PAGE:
E-Commerce Fraud Reaches an Alarming New Normal
With Amazon Prime Day concluded and the holiday shopping season on the horizon, online merchants are searching for ways to generate additional traffic and sales. The potential benefits are limitless — as long as e-commerce companies can distinguish between genuine customers and thieves trying to hide out among the masses.
While attack rates typically increase whenever there’s a spike in online transaction volume (like during the holiday season), new research from Forter and the Merchant Risk Council revealed a 13 percent surge in fraud attempts overall since the beginning of 2017. In fact, all six of the industries analyzed demonstrated this trend to varying degrees, including food and beverage (up 60 percent), electronics (up 66 percent) and digital goods like gift cards (up 167 percent, or nearly 13 times higher than average).
Amid data breaches, phishing attacks, expansive dark web marketplaces and the growth of online transactions, fraudsters nowadays have more direct access than ever before to the technology and information they need to commit online fraud. However, there are some ways that e-commerce merchants can protect themselves and their customers, and avoid falling victim to this alarming new reality.
Eliminate Manual Reviews
Many players in the fraud prevention space still rely on antiquated manual reviews and rule-based systems, which create friction for consumers. This method delays transactions during busy periods and also makes decisions susceptible to individual bias. Furthermore, using static rules to program a fraud prevention system is similar to applying a one-size-fits-all approach that ignores thousands of variables associated with each and every online purchase.
The introduction of artificial intelligence into the fraud prevention ecosystem makes it possible to approve or deny transactions in milliseconds, and renders manual review systems unnecessary. Automated technology constantly learns new fraudster tricks, informed by ongoing research conducted by human analysts. The result is exceptional accuracy, increased approvals for online retailers, a smoother checkout experience for consumers, and very few false positives (i.e., when a legitimate customer is mistakenly rejected as a fraud threat). This means more sales and happier customers, at a much lower cost.
Creative criminals are constantly leveraging new forms of fraud, so merchants must track the latest trends and evaluate their personal vulnerabilities. It's imperative that retailers have a deep understanding of what customers are doing at every step in the consumer lifecycle, from the first time they visit a website to the moment of checkout and beyond.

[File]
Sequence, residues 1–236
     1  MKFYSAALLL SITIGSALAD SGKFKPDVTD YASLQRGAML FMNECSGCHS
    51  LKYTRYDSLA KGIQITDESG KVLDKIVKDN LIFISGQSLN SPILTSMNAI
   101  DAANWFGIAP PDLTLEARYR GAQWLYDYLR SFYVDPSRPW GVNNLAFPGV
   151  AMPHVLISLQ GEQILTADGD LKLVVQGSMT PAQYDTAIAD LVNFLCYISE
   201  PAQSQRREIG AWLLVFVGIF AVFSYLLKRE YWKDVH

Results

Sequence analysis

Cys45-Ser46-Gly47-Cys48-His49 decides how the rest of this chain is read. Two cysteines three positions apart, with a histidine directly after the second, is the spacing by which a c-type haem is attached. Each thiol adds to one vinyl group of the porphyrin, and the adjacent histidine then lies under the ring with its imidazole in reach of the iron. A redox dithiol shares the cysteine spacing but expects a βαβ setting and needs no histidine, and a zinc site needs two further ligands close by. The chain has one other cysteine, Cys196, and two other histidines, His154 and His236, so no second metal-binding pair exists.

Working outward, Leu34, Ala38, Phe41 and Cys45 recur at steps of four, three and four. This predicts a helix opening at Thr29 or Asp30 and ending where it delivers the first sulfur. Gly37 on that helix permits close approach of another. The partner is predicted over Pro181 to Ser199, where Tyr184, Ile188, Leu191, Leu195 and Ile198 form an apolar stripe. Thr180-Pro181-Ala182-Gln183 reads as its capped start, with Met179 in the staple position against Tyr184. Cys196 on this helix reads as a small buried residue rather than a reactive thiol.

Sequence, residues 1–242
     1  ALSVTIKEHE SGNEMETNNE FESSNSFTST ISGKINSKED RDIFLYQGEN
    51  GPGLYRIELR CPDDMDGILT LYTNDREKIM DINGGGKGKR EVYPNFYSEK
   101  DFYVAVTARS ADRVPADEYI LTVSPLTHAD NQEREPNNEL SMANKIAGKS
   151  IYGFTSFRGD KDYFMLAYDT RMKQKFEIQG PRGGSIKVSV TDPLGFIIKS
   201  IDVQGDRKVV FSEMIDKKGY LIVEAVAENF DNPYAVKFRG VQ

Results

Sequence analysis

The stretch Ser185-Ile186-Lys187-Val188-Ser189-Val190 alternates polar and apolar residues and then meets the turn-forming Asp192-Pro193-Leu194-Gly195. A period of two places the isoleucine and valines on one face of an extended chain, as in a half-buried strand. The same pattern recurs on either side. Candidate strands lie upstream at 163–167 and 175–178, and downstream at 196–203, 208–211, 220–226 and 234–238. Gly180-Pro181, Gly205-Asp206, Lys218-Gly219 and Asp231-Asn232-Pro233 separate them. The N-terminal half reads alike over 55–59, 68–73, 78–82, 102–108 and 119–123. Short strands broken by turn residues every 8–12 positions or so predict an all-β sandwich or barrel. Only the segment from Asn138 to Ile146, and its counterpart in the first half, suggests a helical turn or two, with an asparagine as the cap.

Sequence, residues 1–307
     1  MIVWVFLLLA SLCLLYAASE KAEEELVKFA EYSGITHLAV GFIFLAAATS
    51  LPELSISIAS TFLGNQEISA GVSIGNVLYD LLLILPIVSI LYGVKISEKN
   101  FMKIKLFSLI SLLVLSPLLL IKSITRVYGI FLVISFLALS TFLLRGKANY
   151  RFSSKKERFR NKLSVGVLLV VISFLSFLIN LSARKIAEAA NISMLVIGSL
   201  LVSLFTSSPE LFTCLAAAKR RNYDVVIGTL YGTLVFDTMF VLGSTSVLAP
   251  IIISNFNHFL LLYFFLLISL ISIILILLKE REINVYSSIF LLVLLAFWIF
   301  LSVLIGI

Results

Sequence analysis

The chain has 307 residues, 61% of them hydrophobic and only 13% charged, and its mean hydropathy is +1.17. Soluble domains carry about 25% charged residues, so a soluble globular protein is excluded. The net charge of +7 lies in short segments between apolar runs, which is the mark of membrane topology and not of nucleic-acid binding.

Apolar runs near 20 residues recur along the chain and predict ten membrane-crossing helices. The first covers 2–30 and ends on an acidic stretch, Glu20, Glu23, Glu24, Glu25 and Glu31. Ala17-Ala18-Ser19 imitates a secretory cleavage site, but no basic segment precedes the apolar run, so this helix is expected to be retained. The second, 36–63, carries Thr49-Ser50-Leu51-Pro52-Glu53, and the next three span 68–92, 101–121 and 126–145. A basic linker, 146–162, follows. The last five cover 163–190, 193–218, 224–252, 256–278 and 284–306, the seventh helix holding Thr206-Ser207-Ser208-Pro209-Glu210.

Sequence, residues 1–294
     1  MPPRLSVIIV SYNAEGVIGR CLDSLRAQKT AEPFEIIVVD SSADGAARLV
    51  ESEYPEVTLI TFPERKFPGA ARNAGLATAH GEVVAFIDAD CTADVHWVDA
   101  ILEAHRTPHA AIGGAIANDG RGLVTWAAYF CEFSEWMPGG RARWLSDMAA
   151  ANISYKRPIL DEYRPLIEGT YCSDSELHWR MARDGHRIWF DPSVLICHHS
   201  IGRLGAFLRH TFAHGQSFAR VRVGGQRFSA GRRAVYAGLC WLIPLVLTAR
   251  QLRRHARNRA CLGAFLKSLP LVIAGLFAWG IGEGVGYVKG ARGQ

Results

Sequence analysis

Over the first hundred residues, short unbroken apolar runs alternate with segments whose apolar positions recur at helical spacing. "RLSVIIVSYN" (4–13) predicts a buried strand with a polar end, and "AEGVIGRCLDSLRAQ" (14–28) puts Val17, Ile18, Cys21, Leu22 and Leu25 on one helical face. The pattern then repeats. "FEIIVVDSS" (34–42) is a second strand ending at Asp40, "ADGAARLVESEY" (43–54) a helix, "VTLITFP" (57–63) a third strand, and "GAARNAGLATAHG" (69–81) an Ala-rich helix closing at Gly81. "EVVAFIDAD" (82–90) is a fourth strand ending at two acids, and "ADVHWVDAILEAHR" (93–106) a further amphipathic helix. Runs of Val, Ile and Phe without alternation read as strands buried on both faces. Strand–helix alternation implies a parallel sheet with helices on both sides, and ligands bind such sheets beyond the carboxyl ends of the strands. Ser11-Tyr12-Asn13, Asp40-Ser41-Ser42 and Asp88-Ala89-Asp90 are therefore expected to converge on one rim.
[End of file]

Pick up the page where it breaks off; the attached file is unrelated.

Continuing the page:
According to Forter’s recent research, popular attack methods retailers should look out for include the following:
- Account Takeover (ATO): When a fraudster passes as a return customer by hacking into an online account using stolen personal information like a password or email address. The 2017 Equifax breach likely contributed to a 53 percent increase in ATO attempts in last year's third quarter.
- Return Abuse: When shoppers return goods after using them. This attack method has increased 119 percent since the beginning of 2017.
- Policy Abuse: When individuals cheat merchants through inappropriate use of coupons, discount codes, multiple account creation or reward programs. Coupon abuse in particular surged 217 percent between Q4 2017 and Q1 2018.
Consider Different Payment Methods
Given the fluidity of the online payment ecosystem, e-commerce merchants must ensure that they’re able to prevent fraud regardless of what device or payment method a consumer is using.
Mobile commerce, for example, must be treated differently. E-commerce fraud protection relies on certain data like a static IP address that isn’t available via mobile. Conversely, some mobile information that’s nonexistent on computers can be extremely valuable in catching fraudsters. If retailers assume that users shop on their phones exactly as they would on a laptop, they run the risk of delivering a sub-par mobile experience, damaging customer loyalty and losing money to fraud.
The convergence of a variety of factors makes committing online scams easier than ever before. As e-commerce continues to flourish, internet merchants must put personalized systems in place to guard against fraud, ensuring they can compete with retail giants.
Michael Reitblat is the CEO and co-founder of Forter, an end-to-end identity-based fraud protection solution for e-commerce merchants.
Related story: Following the Money: Online Fraud Attacks in 2017
Michael Reitblat founded e-commerce fraud prevention company Forter in 2013. Forter currently works with Fortune 100 retailers, top travel companies, and digital disruptors. In the past 12 months alone, Forter has raised $50M in funding, tripled its customer base processed more than $55 billion transactions and been recognized on the 2018 Forbes Fintech 50 list, Fast Company’s 2018 Most Innovative Companies list, and CB Insights’ Fintech 250 list.
Michael began his career in Israeli military intelligence where he was trained to prevent fraudulent, criminal activities. Following his military service, Michael played a key role in building the first company to specialize in online payment fraud, Fraud Sciences. After the business was acquired by PayPal, he helped to develop the successful fraud prevention system that the payments giant used for many years. In addition to leading Forter, Michael is currently an investor, adviser, and board member of several cutting-edge technology companies. He also works with NGOs to help establish digital payment accessibility in developing countries.